transdada

poetics, time, body disruption and marginally queer solutions

Wednesday, April 28, 2004

The struggles that lie ahead
Turn up the heat for gay marriage
By Elizabeth Schulte

A COMMITTEE of the California State Assembly voted 8 to 3 April 20 to approve legislation that would amend the state family code to define marriage as between "two persons" instead of between a man and woman.

This is the first time that a state legislative body has voted in favor of a law that would legalize marriage for gays and lesbians. Nearly 14 years ago, a gay marriage bill introduced in the California legislature died without so much as a vote. But a wave of gay and lesbian marriages in San Francisco, New York and Oregon--in defiance of state laws--and the Massachusetts Supreme Judicial Court’s decision overturning a ban on same-sex marriage have forced the issuing into the national spotlight. More than 4,000 same-sex couples got married in San Francisco beginning February 12 before state officials forced an end in early March.

The committee vote on the new legislation is a victory for gay rights activists, but the bill has a long way to go before it becomes law.

Meanwhile, an Oregon judge has ordered Multnomah County officials to stop issuing marriage licenses to gay and lesbian couples. But at the same time, the judge ordered authorities to recognize 3,000 licenses that had already been issued.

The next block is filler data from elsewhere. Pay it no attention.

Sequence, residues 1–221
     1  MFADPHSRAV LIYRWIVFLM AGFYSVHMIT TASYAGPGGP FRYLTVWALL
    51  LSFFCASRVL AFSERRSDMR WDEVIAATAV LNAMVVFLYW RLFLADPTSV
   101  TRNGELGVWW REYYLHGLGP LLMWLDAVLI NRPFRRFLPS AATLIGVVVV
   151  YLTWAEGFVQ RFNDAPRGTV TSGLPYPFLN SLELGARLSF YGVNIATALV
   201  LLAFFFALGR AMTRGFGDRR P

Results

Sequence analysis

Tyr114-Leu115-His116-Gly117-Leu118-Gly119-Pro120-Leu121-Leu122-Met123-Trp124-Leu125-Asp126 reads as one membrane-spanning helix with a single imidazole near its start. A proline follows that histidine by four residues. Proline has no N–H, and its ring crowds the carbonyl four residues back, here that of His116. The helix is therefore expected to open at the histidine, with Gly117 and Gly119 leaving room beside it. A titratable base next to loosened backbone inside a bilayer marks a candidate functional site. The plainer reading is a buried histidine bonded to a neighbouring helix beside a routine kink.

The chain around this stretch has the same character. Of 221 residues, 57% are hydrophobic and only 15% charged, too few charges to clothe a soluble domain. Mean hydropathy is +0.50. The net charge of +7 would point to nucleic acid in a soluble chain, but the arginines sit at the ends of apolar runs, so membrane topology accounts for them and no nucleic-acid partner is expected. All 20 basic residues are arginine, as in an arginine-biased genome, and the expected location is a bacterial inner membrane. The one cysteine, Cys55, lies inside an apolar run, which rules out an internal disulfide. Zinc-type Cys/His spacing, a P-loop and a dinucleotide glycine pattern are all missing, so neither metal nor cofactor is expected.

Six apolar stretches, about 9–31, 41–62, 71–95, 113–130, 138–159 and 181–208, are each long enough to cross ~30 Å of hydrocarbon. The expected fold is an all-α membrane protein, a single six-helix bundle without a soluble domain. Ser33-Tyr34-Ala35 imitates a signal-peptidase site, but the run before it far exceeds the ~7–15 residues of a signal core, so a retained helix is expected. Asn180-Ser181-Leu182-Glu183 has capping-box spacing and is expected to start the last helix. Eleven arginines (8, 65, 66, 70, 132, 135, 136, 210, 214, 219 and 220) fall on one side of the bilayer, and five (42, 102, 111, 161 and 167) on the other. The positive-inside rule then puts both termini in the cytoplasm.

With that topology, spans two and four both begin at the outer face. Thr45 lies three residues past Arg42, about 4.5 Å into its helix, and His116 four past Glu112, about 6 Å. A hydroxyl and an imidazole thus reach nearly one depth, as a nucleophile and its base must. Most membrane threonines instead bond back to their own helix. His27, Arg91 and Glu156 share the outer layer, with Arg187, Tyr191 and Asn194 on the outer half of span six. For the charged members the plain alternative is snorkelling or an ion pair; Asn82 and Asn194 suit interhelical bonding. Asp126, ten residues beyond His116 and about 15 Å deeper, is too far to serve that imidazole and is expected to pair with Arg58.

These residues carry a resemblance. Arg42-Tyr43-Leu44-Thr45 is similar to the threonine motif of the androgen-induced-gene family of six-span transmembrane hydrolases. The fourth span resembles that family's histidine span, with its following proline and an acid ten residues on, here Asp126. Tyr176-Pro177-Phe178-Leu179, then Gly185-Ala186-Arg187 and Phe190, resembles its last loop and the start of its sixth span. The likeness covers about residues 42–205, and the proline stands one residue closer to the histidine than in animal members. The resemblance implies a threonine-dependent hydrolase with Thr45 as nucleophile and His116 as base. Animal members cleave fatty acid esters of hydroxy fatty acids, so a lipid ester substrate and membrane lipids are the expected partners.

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Police chiefs have a diverse strategy to iron out prejudices
LUCY ADAMS, Home Affairs Correspondent
SCOTTISH police forces are to try to combat the scourge of prejudice by recording all crimes of hatred for the first time. The police diversity strategy – to be launched tomorrow – also will encourage forces to recruit more officers from under-represented groups including lesbian, gay, bisexual or transgender (LGBT) and disabled people.

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Study: Murder Rate for Gays and Lesbians Triples
CBS5.com Staff
Bay Area murders of gay, lesbians, bisexuals, and transgendered people tripled in 2003, according to a new report.

The Community United Against Violence says the rate went from just two murders in 2002 to up to six in 2003. But the overall rate of other hate-related violence against gays actually dropped, the study said. There were 357 reported incidents in 2002, but in 2003 there were 317.
The study did not find any increase in hate crimes linked to the growing legal and political debate over gay marriages.

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